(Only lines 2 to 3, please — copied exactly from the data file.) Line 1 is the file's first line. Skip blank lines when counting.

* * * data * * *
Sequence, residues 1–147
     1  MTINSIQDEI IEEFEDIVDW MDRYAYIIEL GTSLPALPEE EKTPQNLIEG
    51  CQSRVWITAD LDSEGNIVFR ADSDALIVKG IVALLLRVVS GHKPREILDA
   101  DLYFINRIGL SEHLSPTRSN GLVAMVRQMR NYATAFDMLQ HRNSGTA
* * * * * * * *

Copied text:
     1  MTINSIQDEI IEEFEDIVDW MDRYAYIIEL GTSLPALPEE EKTPQNLIEG
    51  CQSRVWITAD LDSEGNIVFR ADSDALIVKG IVALLLRVVS GHKPREILDA